Finally, Trial Court Administrator Jon Williams talked about the newly-filed bond bill that promises to significantly upgrade the Trial Court’s information-technology capacity.

“We need major capital investment to transform the role of technology in the [courts],” he told the audience. “Working with our legislative partners, an IT Bond Bill was recently filed to meet the wide range of technology needs for the [judiciary to] transition to…eCourts and cybersecurity.”

-Michael Avitzur
Government Relations Director
Boston Bar Association

BBA Appoints Kate Cook to Corrections Spending Commission

This coming year, the State Legislature is planning to take a serious look at corrections spending and evaluate the distribution of funds across the Department of Correction—which administers the state’s prison system—and the 14 sheriff’s departments—which operate the jails and houses of correction.

The recently-enacted state budget for the current 2020 fiscal year establishes a special commission to conduct a comprehensive study comparing existing funding levels and expenses at each state prison and house of correction and providing a recommendation for an appropriate level or allocation of funding. The budget language, in Outside Section 101, designates a seat for a BBA representative, and we are pleased to have appointed former Civil Rights and Civil Liberties Section Steering Committee Co-Chair and member of the Criminal Justice Reform Working Group, Kate Cook.

Kate has extensive legal, policy and budget experience, and is a partner at Sugarman Rogers where she chairs the Government Law practice. In the past, she served as chief legal counsel to Governor Deval Patrick, advising the Governor and executive branch on legal, regulatory, and policy matters. She also has experience as the General Counsel to the Senate Ways and Means Committee, and as an Assistant Corporation Counsel to the City of Boston.

Kate has been active in the BBA’s Civil Rights and Civil Liberties Section for a number of years. She has also served on our Annual Meeting Steering Committee, the Law Day Steering Committee, the Beacon Award Steering Committee, and the Joint Planning Committee. From 2012 to 2015, she was the Governor’s appointee to the BBA’s Statewide Task Force to Expand Civil Legal Aid in Massachusetts.

The Corrections Spending Commission will pursue:

  • a review of staffing ratios and employee costs in each state prison and house of correction;
  • an examination of potential ways to increase efficiencies and reduce fixed costs in state prisons and houses of correction;
  • an analysis of the amount spent by the Department of Correction and by each sheriff’s department on mental health and substance use disorder services and the appropriate levels of funding necessary to meet the service needs of incarcerated people;
  • a review of all discretionary programming offered in state prisons and houses of correction, including an analysis of geographical disparities in discretionary programming;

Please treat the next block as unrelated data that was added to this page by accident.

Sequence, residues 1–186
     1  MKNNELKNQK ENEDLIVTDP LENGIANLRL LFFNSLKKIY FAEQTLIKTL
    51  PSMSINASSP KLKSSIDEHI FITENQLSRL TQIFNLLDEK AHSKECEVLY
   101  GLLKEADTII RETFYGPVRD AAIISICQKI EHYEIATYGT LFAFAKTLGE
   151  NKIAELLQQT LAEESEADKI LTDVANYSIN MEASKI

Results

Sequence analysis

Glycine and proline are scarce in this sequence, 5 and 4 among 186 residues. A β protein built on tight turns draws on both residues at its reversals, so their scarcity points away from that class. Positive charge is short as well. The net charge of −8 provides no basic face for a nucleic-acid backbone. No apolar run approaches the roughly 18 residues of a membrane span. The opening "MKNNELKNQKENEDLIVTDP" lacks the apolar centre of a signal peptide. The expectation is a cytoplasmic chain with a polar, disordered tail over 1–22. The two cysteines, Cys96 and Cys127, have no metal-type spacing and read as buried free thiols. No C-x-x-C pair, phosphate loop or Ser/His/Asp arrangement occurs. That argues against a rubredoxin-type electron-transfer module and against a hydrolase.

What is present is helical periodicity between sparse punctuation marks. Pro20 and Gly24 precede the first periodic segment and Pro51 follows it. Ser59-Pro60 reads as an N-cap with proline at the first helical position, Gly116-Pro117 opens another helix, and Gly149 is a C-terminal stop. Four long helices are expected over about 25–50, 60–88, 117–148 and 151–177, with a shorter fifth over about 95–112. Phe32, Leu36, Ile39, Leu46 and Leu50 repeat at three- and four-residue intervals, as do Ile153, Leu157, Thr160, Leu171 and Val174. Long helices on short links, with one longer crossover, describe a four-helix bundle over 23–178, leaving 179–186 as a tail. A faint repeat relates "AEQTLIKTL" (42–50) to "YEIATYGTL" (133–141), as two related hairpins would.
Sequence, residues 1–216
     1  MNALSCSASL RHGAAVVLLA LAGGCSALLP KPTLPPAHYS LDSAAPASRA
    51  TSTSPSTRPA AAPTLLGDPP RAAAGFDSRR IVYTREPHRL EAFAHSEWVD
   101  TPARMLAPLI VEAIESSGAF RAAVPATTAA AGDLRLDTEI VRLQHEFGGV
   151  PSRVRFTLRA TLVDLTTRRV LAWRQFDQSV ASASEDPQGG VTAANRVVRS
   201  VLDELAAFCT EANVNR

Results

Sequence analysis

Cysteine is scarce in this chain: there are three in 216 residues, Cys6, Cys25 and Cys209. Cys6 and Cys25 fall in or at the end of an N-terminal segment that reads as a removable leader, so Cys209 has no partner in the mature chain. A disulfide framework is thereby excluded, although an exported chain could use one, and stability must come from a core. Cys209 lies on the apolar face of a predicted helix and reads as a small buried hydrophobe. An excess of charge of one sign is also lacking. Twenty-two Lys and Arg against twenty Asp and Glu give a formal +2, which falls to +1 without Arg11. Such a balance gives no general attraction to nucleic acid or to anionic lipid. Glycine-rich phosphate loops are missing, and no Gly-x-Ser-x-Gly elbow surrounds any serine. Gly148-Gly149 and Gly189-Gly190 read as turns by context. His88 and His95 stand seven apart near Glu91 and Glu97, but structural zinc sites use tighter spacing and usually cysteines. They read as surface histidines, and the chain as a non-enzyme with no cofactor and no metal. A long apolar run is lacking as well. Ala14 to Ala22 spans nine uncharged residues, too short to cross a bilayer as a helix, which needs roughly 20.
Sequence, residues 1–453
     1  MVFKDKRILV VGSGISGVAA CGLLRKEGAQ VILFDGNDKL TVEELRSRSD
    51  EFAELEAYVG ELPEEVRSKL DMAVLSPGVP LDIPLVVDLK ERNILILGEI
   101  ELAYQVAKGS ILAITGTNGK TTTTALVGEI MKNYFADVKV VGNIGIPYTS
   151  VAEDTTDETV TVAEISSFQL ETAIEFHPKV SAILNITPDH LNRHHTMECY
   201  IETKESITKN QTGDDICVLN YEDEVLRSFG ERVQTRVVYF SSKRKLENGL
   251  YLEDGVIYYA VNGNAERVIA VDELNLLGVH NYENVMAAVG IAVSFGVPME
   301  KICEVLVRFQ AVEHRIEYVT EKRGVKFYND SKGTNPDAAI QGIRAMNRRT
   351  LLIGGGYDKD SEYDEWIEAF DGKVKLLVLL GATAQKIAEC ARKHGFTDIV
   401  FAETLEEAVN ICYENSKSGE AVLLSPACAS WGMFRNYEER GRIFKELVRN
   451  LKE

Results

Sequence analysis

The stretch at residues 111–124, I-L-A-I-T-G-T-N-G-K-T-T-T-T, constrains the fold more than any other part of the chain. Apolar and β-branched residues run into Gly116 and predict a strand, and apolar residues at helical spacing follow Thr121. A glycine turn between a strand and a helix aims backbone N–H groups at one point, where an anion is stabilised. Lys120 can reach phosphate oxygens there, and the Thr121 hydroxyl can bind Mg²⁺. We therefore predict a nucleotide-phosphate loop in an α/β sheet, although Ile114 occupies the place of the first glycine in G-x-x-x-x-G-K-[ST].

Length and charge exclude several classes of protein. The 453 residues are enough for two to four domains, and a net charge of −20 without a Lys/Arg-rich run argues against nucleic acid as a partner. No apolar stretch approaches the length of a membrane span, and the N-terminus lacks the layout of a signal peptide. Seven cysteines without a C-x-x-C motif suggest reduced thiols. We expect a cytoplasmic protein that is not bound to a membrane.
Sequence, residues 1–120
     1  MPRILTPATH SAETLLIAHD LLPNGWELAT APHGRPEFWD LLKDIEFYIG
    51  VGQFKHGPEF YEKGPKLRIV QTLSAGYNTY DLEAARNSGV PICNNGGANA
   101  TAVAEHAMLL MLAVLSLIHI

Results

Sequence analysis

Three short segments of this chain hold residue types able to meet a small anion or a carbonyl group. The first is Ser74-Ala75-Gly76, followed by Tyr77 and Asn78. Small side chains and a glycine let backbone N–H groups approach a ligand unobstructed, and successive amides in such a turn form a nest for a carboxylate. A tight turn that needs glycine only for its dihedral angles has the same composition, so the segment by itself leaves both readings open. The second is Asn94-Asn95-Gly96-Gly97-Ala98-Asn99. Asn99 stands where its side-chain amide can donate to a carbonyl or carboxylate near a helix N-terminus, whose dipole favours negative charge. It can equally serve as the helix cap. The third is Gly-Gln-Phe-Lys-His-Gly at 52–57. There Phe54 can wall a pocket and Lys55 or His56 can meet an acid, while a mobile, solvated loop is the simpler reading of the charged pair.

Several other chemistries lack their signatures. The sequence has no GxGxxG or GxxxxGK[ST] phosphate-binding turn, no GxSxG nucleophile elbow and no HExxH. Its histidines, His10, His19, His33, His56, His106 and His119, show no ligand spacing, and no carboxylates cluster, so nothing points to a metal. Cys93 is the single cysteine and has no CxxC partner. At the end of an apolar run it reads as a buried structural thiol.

• an analysis of the 2018 criminal-justice reform law, its impacts on state prisons and houses of correction and best practices to implement its requirements;
  • a review of the physical assets, infrastructure, buildings and communications equipment owned by each sheriff’s department and state prison; and
  • a review of the funding sources for the Department of Correction and each sheriff’s department, including appropriations from the Commonwealth, commissary charges, prison industries, trust fund accounts, intermunicipal agreements, other inmate fees and expenses and other sources of revenue.

The commission is tasked with submitting a written report of its findings no later than September 1, 2020.

The BBA has had a long-standing commitment to promoting a fair and equitable criminal justice system. In October 2017, the Criminal Justice Reform working group that Kate was a part of published a report titled “No Time to Wait: Recommendations for a Fair and Effective Criminal Justice System”. That report outlines a set of recommendations that touch on bail, sentencing, recidivism reduction, and criminal record laws—many of which were adopted the following year, as part of a broad criminal-justice reform package.

A report published in 1991 titled “The Crisis in Corrections and Sentencing in Massachusetts,” created by the Task Force on Justice (a joint project of the BBA and the Crime and Justice Foundation), outlined our concern with overcrowding in corrections facilities and the growing issue of mass incarceration.

We are looking forward to learning more about state spending and financing in the correctional system today, and we hope the commission’s final report will help advance our efforts to promote a fair and equitable criminal justice system.

-Lucia Caballero
Government Relations and Executive Assistant
Boston Bar Association